• detailed evaluation should be undertaken for the short-listed corridor options.
Stage two tasks Outputs
Analyse demand for options
  • Corridor Assessment Report
  • Issues Papers
  • Preliminary Impact Assessment Study (IAS)
  • Draft Terms of Reference
  • Recommended options

Establish engineering feasibility
Identify rail/bus operations
Evaluate environmental field data
Comparison between options
Develop broad land use transport strategy
Provide basis for community input/evaluation
Nominate shortlisted options
Narrow the corridors
Finalise Corridor Assessment Report (CAR)

Stage three – route assessment

The first part of stage three involved an assessment of options around Caloundra and the identification of a preferred corridor.

The second part of stage three was the preparation of the Impact Assessment Study to examine the alternative options, benefits, environmental impacts, proposed strategies to counter any significant impacts and ways to enhance a beneficial outcome.

 Stage three tasks Outputs 
Seek feedback on Corridor Assessment Report and draft Terms of Reference
  • Impact Assessment Report
  • Land use/transport strategy

Conduct more detailed environmental and heritage survey
Prepare planning layouts
Assess preferred option
Identify mitigation strategies
Prepare Caloundra Option Assessment Report (COAR)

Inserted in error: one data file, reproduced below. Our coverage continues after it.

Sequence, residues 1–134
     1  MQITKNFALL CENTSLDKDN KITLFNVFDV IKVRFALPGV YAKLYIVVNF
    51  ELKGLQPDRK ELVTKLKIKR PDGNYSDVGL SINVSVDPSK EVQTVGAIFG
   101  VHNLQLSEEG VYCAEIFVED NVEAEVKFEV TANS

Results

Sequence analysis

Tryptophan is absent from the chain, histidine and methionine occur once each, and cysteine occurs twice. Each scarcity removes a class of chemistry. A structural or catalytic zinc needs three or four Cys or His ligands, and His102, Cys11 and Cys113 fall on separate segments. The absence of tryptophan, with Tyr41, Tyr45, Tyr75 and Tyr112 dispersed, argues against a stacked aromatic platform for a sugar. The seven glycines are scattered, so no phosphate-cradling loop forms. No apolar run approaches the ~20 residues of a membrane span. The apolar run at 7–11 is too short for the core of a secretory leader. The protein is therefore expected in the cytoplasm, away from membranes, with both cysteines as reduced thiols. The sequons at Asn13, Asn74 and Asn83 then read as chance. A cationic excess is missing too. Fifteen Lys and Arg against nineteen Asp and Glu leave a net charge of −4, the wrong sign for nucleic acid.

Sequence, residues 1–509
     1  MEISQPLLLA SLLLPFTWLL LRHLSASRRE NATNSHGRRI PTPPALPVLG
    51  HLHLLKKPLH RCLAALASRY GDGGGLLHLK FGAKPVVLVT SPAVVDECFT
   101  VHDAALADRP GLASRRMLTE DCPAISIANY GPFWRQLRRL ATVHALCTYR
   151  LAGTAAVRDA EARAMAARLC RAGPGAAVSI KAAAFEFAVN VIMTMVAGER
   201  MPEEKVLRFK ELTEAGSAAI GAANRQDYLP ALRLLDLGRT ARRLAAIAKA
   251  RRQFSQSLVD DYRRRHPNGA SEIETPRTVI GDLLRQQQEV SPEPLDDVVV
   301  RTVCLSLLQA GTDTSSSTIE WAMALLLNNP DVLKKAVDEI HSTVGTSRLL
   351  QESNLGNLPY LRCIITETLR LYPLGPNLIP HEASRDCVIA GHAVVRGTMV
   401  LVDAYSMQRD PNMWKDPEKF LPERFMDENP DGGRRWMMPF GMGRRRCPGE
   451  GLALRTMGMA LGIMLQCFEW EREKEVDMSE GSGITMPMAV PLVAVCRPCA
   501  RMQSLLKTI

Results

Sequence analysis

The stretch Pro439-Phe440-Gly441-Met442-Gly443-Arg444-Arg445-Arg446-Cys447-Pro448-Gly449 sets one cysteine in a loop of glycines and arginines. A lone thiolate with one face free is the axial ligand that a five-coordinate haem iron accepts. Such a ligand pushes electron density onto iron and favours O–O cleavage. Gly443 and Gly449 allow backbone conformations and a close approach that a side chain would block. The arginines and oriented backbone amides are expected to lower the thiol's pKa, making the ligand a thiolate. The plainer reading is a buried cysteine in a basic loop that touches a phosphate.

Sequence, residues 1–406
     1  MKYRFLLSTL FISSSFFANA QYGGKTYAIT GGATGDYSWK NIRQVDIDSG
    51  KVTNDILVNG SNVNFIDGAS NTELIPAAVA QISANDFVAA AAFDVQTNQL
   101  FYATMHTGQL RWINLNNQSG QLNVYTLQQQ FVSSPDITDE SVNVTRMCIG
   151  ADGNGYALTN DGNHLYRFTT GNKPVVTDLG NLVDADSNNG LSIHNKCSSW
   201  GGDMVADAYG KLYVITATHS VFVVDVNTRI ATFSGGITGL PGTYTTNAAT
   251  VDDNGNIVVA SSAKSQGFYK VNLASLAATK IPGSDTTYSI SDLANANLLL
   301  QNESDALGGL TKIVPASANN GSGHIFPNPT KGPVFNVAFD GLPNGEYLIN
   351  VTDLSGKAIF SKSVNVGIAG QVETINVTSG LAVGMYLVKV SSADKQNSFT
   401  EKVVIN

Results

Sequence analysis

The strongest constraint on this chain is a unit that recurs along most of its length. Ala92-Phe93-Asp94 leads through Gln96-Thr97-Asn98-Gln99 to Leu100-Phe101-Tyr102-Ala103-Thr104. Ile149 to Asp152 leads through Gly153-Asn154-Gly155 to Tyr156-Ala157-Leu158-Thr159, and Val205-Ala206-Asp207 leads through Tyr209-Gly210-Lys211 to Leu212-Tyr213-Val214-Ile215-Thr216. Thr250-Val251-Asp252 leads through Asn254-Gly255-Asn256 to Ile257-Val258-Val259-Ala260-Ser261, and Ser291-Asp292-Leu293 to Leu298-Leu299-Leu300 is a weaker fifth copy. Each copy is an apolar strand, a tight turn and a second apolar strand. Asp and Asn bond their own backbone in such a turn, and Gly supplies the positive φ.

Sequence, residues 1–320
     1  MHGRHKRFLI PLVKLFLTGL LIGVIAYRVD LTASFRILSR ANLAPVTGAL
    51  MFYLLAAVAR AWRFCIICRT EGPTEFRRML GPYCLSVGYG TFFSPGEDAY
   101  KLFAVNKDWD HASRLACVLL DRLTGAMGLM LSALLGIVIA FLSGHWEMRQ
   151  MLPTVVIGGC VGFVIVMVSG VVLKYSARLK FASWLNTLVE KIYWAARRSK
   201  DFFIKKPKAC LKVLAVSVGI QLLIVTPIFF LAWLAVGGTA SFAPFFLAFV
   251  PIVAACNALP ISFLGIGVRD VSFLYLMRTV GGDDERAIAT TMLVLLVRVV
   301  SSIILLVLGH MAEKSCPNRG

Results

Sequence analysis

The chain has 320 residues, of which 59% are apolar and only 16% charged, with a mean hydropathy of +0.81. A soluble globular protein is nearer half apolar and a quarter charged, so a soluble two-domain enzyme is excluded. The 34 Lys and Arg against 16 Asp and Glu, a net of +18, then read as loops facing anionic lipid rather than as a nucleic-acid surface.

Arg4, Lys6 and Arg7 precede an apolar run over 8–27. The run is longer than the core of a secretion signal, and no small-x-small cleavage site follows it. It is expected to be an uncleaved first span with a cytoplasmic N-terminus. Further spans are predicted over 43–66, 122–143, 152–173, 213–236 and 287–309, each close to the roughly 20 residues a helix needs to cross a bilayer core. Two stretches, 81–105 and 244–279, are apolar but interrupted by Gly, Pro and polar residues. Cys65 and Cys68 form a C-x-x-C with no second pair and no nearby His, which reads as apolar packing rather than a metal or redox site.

Conduct assessment and choose the preferred Close Caloundra Option
Develop recommendations for land use strategy and implementation
Prepare draft Impact Assessment Study Report
Provide basis for community input/assessment
Finalise IAS Report

What was decided at the end of the study?

The Queensland Government agreed to implement the recommendations from the Caboolture to Maroochydore Study, including the need to protect the preferred future public transport corridor from Beerwah to Maroochydore and on to the Sunshine Coast Airport. Since then, the government has been actively acquiring land for the corridor.

Track upgrading and duplication from Caboolture to Beerburrum was completed in 2009, as was the elimination of the open level crossing at Beerwah, ultimately providing for the branching off of the new line to Caloundra and Maroochydore.


Visit the Caboolture to Maroochydore Corridor Study publications page to download a copy of the study and other associated documents.


Information on the study can be obtained by emailing:

Community info

Community involvement

The local community was engaged in the following ways:

  • formation of five 'district working groups' consisting of community members
  • public displays at local events and shopping centres
  • media releases and advertisements in local print, radio and television media
  • public meetings and meetings with interest groups
  • establishment of a mailing network of interested stakeholders and community-centred locations, including an indigenous network mailing list
  • a freecall information line and study team email address
  • establishment of a project website
  • newsletter distribution.

The Impact Assessment Study and aerial photographs of the study area were on public display for six weeks, up until 21 October 1999.

North Coast Connect Project

Last updated
19 March 2020